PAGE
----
London, England (CNN) -- A Paralympic gold medal winner will not be allowed to compete in the Beijing Olympics later this year after athletics' governing body ruled that his specially-designed prosthetic limbs gave him an unfair advantage over other runners.

The International Association of Athletics Federations ruled that Oscar Pistorius' shock-absorbing carbon-fiber prosthetics gave him a "demonstrable mechanical advantage" compared to able-bodied athletes.

Pistorius, nicknamed the "Blade Runner" because of his prosthetics, won gold in the 200 meters and a bronze medal in the 100m at the 2004 Paralympic Games in Athens.

The 21-year-old South African, who lost his legs when he was a baby, has since competed in two able-bodied races in which he finished second and last.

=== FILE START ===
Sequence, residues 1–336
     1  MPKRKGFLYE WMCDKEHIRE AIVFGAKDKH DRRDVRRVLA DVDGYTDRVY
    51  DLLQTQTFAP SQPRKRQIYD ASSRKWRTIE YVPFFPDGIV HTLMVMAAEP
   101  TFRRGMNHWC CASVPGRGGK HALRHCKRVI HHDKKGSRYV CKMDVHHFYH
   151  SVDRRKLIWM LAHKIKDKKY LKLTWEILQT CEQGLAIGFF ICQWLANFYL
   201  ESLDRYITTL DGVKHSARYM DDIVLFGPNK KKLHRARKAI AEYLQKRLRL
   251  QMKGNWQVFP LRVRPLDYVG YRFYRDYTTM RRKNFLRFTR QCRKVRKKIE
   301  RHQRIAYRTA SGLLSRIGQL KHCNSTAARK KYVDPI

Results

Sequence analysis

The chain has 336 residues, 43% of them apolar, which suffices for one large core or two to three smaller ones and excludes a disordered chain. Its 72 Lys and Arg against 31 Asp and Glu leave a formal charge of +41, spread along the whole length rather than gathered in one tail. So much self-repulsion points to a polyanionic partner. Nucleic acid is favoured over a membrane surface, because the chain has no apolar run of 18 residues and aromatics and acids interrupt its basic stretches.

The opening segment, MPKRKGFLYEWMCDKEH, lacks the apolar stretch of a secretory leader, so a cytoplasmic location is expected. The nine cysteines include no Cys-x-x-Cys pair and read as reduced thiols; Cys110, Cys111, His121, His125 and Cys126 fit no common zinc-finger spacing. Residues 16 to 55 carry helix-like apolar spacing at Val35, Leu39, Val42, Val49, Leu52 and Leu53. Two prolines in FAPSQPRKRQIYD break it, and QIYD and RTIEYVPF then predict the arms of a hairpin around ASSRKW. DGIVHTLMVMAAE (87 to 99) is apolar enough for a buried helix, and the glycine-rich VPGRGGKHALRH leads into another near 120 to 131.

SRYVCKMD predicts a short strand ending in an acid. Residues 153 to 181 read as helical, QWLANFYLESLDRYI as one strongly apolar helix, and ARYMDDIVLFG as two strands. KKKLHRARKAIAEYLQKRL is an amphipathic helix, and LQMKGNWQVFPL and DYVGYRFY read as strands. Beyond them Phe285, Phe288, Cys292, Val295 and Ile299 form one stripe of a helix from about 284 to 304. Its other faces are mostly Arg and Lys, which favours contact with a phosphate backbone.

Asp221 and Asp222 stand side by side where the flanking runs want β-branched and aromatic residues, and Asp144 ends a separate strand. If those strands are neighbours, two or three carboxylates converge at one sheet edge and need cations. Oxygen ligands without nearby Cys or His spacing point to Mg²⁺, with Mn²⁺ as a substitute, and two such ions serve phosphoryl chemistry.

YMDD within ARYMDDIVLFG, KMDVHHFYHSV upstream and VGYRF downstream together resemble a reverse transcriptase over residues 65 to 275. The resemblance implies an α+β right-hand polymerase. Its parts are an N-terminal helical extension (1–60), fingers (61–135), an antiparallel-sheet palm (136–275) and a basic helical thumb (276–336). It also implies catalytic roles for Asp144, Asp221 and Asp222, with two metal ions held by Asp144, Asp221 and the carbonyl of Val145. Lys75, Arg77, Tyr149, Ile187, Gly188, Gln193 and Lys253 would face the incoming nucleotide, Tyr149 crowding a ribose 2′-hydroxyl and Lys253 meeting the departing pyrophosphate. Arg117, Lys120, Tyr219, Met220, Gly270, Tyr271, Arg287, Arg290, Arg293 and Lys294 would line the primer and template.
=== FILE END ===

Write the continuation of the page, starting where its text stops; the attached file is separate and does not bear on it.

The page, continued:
In November, the IAAF carried tests on Pistorius over two days at the German Sport University in Cologne to determine if his prosthetic limbs, known as "cheetah" prosthetics, could be considered a technical aid.

A team of more than 10 scientists used high speed cameras, special equipment to measure ground reaction forces and a three-dimensional scanner to record body mass.

The IAAF determined that Pistorius was able to run "with about 25 per cent less energy expenditure" than other sprinters, it said in a statement released on its Web site Monday.

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